Don't sacrifice First Amendment to terrorism, ombudsman warns
By Natalie Cortes
The anger and fear Americans feel in the wake of the terrorist attacks on the World Trade Center and the Pentagon should not lead the nation to carve away at the very freedoms on which this country was founded, said Paul McMasters, First Amendment ombudsman for The Freedom Forum.
"There are calls by many people to start making things more secret than they are, censoring speech, censoring the press, interfering with freedom of association, all of which are very fundamental to who we are as a nation … . I would just say that we need to take a deep breath, step back and reconsider, because those kinds of freedoms are never regained once they're given away," he cautioned.
McMasters spoke about how the investigation into the terrorist attacks and heightened security measures could affect American's civil liberties during an "Inside Media" program at the Newseum on Sept. 13.
In response to other possible restrictions on civil liberties, such as expanding electronic and other kinds of surveillance and shutting down Web sites, McMasters said, "We can understand the reason for this, obviously. We want to catch the perpetrators. We want to make sure this kind of thing never happens again. But we also have to think about how much do we want to give away in our liberties in order to quote protect our liberty. It is a contradiction."
McMasters emphasized that many other security measures could and should be taken that would not infringe on American's First Amendment freedoms. He cited the hiring of better-paid, better-trained security staff at airports and redesigning the airplane cockpit door to make it much more difficult to penetrate and open.
The veteran of 31 years in journalism also addressed the issue of racial profiling at airports. "Immediately when something like this happens we want to blame … someone … whose culture we don't know very well … and then want to drive all of those people out of our midst or to start discriminating against them … . It's something that the media should worry about if it conveys stereotypes or foments panic or focuses too much on race or ethnicity rather than just terror."
Television coverage immediately following the plane crashes into the World Trade Center and the Pentagon included footage of Palestinians dancing in the streets. While some Americans have criticized the use of the video, fearing a backlash against Arabs and Arab-Americans, McMasters stressed that the news media did not act irresponsibly by showing it.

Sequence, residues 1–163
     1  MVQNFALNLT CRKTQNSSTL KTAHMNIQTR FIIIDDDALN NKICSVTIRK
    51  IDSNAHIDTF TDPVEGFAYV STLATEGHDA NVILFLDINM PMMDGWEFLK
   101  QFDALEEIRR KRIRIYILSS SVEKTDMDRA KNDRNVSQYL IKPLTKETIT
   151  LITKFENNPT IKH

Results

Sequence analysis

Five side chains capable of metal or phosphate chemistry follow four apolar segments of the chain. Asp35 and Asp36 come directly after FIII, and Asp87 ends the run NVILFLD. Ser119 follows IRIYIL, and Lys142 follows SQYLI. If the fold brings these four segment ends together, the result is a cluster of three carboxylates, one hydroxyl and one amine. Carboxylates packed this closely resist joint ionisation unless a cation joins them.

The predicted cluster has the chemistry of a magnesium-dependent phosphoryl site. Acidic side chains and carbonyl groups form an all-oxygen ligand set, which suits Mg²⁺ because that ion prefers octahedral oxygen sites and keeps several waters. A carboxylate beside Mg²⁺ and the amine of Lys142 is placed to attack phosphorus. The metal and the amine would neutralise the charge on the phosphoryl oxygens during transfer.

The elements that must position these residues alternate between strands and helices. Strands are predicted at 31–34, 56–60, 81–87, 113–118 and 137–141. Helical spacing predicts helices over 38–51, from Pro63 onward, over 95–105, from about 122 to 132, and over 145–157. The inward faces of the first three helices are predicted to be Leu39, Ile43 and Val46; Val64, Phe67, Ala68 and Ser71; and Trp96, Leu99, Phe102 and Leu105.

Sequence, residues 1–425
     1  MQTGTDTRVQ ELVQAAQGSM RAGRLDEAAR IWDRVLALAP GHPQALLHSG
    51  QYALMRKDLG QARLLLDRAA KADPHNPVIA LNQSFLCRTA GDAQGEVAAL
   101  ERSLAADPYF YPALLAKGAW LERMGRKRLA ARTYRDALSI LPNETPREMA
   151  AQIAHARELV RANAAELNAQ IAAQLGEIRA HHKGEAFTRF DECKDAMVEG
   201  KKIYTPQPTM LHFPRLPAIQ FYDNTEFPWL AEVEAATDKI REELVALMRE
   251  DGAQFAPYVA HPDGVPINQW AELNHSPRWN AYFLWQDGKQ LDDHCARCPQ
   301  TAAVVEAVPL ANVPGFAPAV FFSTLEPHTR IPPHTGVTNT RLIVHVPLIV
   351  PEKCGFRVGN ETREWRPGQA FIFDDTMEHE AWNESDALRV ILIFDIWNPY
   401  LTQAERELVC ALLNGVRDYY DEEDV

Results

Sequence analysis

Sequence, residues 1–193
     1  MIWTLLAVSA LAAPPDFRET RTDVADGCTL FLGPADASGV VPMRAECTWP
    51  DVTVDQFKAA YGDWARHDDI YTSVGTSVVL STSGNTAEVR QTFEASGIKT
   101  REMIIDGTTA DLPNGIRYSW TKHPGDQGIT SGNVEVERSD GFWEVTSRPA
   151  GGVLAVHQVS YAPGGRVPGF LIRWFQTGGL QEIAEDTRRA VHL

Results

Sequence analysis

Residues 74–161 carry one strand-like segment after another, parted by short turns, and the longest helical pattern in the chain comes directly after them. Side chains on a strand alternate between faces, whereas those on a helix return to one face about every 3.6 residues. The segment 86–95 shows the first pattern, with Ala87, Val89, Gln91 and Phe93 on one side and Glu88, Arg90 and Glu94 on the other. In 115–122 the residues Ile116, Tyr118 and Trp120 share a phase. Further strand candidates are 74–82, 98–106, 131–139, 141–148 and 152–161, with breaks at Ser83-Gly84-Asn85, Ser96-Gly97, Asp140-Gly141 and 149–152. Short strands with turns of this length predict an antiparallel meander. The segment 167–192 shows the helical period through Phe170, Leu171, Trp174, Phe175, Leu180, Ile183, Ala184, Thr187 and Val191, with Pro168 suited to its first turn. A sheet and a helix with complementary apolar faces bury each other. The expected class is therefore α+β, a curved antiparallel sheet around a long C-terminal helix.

"In the three times that I saw it, … the anchor or the narrator went to great lengths to try to put it into context … not only from what the perspective was of those people who were dancing and celebrating but the fact that it did not represent all Palestinians, let alone all of the Arab world," he said.
McMasters also applauded the news media for showing restraint in speculating on who may be responsible for the attacks. In fact, he said criticism that journalists and news outlets showed too much restraint was valid.
"They are having great internal arguments about whether they show the people with their faces pressed [against] the window(s) in the World Trade Center towers. They don't want to show the footage of the falling bodies ... of bodies being pulled out … . It is their decision to make and maybe it is best.
"I do think there is a good argument to make for saying that Americans can handle this kind of information, that in times like these more information is better than less information," he said
McMasters, who was associate editorial director of USA TODAY, emphasized the important role editorials play in directing public discourse about the terrorist attacks. "It is up to editorial boards particularly to reason … and to discuss all the ramifications of a particular action, and the editorials that I've been seeing thus far have taken the tack of really just addressing the issue of the terrorism and how it came to be and have been very careful about not recommending a particular course of action, because there are so many unknowns."
The discussion was one of a series of programs in conjunction with the Newseum's America Under Attack exhibit.
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